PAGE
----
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Finding Proponents for Contemporary Music in Unlikely Places

The music held dear by Pope John Paul II provides a hint at a possible future for classical music.

by Drew McManus
April 11, 2005

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Finding Proponents for Contemporary Music in Unlikely Places
Throughout the middle ages, the Catholic Church controlled the development of music throughout Europe, much of what became the great works of classical music's standard repertoire were directly influenced by the church's persuasion. It wielded the sort of control that only a handful of powerful organizations have exercised over recorded time; it controlled what people thought.
 
Over time, that power waned but the church remains steeped in tradition. As such, you wouldn't expect that one of the church's enduring leaders, Pope John Paul II, would have a passion for contemporary classical music, but nevertheless, he did. And his passion was not simply music written by a living composer writing in a traditional style, but a composer who chooses to speak in a decidedly contemporary musical dialect.
 
Recent events in the Pope's life featured music from Gustav Mahler and Henryk Górecki.  Although Mahler's music is certainly a pillar of standard repertoire, the same can't be said of Górecki's music. 
 
Henryk Górecki, a living composer of Polish nationality, has used a variety of contemporary compositional techniques to create music, especially atonality. Throughout the recent decades of his career he began to write in a lyrical style of minimalism with heavy influences from Eastern European ethnicity.
 
So why would Pope John Paul II take such an interest in this decidedly non traditional composer's music? According to the Pope's musical advisor, Gilbert Levine, the pontiff believed that Górecki's music helped him express his own spirituality in ways that words sometimes failed to compare.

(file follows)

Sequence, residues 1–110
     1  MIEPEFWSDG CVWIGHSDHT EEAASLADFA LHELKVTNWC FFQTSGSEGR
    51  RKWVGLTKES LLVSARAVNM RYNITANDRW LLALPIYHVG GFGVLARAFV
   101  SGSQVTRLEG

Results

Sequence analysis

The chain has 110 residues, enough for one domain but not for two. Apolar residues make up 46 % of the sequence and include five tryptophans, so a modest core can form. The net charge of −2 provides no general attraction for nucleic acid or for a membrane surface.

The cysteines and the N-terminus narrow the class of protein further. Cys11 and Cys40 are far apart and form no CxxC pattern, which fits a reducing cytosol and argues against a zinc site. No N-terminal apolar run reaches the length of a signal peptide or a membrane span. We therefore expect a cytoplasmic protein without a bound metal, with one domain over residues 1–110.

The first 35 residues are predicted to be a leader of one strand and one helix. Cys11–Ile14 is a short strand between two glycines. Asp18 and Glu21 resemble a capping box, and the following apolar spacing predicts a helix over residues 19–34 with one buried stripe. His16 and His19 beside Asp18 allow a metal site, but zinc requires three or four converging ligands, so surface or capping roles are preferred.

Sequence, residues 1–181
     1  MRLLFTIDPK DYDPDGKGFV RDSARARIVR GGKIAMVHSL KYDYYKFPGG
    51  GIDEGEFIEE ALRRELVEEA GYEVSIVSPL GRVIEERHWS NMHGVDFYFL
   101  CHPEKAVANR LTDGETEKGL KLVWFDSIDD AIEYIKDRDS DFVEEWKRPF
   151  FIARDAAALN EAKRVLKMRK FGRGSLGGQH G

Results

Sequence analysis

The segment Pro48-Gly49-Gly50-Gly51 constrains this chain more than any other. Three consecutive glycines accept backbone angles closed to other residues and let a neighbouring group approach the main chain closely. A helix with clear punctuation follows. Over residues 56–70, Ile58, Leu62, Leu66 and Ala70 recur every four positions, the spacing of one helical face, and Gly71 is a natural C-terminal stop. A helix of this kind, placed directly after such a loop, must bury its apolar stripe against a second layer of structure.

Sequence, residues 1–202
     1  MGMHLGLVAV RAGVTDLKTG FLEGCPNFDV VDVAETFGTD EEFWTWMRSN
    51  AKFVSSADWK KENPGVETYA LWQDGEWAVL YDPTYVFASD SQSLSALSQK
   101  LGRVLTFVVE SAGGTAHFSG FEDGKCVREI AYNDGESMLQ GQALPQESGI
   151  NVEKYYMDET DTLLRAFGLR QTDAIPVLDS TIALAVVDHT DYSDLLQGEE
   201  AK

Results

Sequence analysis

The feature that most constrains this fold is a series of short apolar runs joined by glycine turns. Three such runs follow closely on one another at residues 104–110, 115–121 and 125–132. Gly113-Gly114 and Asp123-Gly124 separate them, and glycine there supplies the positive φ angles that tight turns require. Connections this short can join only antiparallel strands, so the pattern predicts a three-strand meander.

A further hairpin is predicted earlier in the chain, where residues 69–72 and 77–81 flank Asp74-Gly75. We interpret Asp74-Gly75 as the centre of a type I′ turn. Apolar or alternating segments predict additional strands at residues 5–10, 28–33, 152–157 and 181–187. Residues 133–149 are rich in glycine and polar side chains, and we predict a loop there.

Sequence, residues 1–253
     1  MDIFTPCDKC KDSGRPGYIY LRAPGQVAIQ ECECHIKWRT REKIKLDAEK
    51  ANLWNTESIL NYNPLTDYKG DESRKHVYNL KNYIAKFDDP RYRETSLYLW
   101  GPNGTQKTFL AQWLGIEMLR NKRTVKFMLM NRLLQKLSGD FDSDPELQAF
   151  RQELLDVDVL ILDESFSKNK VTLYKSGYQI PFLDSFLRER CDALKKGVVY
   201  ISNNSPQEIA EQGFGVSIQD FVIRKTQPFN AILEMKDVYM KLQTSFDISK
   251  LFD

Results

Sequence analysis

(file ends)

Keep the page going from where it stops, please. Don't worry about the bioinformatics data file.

Pope John Paul II, a man steeped in tradition and ritual, learned to identify with and utilize the music of a contemporary composer to express certain facets of his feelings and thoughts. If an individual like the Pope found a way to connect who he was as a person to the music of eminent composers from standard repertoire and the music of living masters, then there's hope that the art of classical music won't slowly fade into obscurity.
 
The Pope's passing has provided a model for others to use regarding finding a way to connect an aspect of their lives to classical music. That's always been one of the great characteristics of classical music; it provides each listener with something unique and special, we just have to figure out where that connection is made.
 
The answers for building a brighter tomorrow for classical music don't reside in playing more standard repertoire or forcing people to listen to new music, it's finding a way to help people decide on their own how and why classical music will be special for them.

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